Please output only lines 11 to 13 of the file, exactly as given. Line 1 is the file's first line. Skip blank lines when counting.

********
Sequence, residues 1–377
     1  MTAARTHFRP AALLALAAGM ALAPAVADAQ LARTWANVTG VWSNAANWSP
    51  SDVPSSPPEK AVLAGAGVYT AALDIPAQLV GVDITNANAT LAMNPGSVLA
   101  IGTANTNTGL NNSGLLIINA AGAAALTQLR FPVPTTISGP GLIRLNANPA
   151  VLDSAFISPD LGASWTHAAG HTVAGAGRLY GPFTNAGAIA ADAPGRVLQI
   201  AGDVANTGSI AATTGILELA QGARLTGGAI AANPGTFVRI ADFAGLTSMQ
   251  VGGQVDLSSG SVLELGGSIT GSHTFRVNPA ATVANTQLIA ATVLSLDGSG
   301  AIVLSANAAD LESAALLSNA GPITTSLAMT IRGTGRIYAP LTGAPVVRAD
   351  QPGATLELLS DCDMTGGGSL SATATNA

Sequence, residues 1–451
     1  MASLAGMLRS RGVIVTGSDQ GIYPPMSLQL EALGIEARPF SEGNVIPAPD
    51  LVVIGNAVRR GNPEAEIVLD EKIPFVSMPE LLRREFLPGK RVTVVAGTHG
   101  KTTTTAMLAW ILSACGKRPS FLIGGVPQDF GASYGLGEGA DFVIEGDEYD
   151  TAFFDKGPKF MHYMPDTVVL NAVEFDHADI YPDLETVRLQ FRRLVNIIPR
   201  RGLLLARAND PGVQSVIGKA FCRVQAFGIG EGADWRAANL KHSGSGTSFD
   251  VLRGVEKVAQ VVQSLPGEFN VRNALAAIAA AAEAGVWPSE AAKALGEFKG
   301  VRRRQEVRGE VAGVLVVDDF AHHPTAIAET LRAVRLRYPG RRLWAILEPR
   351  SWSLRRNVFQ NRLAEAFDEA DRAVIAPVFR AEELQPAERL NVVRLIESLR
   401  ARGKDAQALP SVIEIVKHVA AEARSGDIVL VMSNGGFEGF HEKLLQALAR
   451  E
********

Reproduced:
     1  MASLAGMLRS RGVIVTGSDQ GIYPPMSLQL EALGIEARPF SEGNVIPAPD
    51  LVVIGNAVRR GNPEAEIVLD EKIPFVSMPE LLRREFLPGK RVTVVAGTHG
   101  KTTTTAMLAW ILSACGKRPS FLIGGVPQDF GASYGLGEGA DFVIEGDEYD